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Please begin with an informative title:

The man in the center of an educational firestorm, Tennessee's Rep. John Ragan, spoke to the Knoxville News.
NASHVILLE — State Rep. John Ragan says the fresh round of criticism he has faced for sponsorship of so-called “don’t say gay” bill is uninformed and unfair because he was trying to completely transform the bill so that it had “absolutely nothing to do” with homosexuality.

“It really irritates me in a major fashion,” said Ragan, R-Oak Ridge, in an interview.

An article posted on both The Daily Kos and The Huffington Post chides StudentsFirst, a national education reform organization, for declaring Ragan a Tennessee “educational reformer of the year” while he was sponsor of the “don’t say gay” bill (HB1332).

This would be the article the Knoxville News is referencing.

Rep. Ragan insists he's not anti-gay. It isn't a gay bill in his view but a "mental health bill" that merely compels teachers to refer kids to mental health professionals. The latest version says that school officials shall “notify parents or legal guardians in the manner specified by law for such a medical referral” for among other things, being suspected of being gay, lesbian, bisexual or gender-non-conforming.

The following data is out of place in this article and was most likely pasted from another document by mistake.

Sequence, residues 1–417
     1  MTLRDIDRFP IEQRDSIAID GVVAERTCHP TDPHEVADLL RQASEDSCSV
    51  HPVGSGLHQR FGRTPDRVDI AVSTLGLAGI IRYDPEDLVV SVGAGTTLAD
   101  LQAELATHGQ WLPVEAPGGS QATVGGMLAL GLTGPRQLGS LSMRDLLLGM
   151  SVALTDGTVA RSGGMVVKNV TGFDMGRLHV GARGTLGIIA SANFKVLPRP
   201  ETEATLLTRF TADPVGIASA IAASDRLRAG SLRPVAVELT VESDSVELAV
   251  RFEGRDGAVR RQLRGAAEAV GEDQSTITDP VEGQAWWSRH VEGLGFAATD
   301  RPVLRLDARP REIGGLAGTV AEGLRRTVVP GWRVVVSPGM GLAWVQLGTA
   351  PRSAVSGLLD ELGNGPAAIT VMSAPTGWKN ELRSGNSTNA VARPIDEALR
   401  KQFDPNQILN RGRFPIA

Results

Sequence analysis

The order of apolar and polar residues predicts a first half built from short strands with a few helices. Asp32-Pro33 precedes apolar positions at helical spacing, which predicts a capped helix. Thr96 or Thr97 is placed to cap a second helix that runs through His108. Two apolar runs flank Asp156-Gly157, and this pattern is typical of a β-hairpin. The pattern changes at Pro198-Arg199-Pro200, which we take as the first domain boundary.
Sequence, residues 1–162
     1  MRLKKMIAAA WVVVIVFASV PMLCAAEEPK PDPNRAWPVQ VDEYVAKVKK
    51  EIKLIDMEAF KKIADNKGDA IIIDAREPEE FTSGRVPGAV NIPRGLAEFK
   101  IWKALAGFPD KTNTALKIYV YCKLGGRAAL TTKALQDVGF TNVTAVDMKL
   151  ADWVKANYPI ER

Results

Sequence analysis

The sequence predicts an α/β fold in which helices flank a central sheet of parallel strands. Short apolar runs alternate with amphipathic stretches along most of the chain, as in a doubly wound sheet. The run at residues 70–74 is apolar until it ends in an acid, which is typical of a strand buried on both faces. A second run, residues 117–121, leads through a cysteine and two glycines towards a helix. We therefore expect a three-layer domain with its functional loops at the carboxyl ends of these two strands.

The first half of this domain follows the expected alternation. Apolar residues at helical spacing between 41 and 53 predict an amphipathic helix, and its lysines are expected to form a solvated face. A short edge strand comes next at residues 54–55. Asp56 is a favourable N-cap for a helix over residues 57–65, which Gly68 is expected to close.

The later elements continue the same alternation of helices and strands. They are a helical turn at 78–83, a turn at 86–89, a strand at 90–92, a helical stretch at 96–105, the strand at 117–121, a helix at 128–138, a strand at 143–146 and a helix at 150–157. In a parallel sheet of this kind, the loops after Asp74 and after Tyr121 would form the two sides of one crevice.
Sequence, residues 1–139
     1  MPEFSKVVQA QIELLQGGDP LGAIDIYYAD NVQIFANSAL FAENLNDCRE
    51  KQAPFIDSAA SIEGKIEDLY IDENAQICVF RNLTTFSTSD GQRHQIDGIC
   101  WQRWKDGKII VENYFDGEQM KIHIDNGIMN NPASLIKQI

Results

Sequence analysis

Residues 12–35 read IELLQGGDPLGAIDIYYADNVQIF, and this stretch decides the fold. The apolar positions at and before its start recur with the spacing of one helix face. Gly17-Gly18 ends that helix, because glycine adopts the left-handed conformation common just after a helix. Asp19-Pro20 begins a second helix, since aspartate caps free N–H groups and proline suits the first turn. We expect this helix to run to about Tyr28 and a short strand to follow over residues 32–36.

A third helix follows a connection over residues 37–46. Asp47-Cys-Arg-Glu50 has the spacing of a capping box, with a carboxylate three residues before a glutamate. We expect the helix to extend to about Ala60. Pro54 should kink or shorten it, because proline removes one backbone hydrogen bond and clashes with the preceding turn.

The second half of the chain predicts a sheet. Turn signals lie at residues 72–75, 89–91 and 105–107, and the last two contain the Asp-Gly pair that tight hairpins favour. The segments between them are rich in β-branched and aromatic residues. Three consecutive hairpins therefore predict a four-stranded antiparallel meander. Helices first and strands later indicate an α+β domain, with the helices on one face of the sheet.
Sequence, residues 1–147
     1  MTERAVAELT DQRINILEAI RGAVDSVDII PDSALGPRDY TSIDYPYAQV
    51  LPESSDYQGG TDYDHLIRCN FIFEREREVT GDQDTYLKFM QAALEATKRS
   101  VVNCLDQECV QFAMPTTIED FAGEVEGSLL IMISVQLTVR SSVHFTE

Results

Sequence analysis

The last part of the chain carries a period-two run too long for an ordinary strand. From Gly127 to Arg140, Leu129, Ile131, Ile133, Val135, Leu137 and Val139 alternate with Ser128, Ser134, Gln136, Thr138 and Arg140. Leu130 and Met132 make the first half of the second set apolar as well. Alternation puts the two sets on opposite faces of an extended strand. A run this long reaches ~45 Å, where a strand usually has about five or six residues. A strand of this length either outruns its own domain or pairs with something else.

Putting aside the ill-conceived and even dangerous idea that teachers should be functioning as spies and be required to essentially out their LGBTQ students to their parents who are then statistically quite likely to abuse or disown their kids, it's also worth noting the American Psychiatric Association hasn't classified homosexuality as mental health disorder since 1973. So, why does Rep. Ragan still believe LGBTQ kids should be encouraged to seek medical help? I have no idea where he's getting his information.

The Knoxville News also reached out to StudentsFirst's state director in Tennessee for comment. Find out his response below the fold.


You must enter an Intro for your Diary Entry between 300 and 1150 characters long (that's approximately 50-175 words without any html or formatting markup).

Brent Easley, TN Direcotr,
Brent Easley, state director of StudentsFirst in Tennessee, provided a statement from StudentsFirst declaring the bill “an ill-conceived, harmful piece of legislation that would have represented a backward step for Tennessee schools and kids.”

But Easley said he and others with StudentsFirst had not seen the rewritten version of the bill. That's odd. In an entire year when StudentsFirst was raising funds for Ragan, the state director of StudentsFirst never saw an education bill their educational "Reformer of the Year" was pushing?

You'd think they'd call him up every once in a while and discuss what bills he was working on? Isn't that what a lobbying group is supposed to do? Regardless of their personal relationship with Ragan, it wasn't a big clandestine secret. The bill is tracked right there in plain sight on the Tennessee Legislature website for anyone to see. Search for "education" or "John Ragan" and the progress of the bill through the legislature is quite clearly tracked by date and action:

Filed for intro.    02/14/2013
Intro.    02/14/2013
P1C.    02/21/2013
P2C, ref. to Education Committee    02/25/2013
P2C, ref. to Education Committee    02/25/2013
Assigned to s/c Education Subcommittee    02/26/2013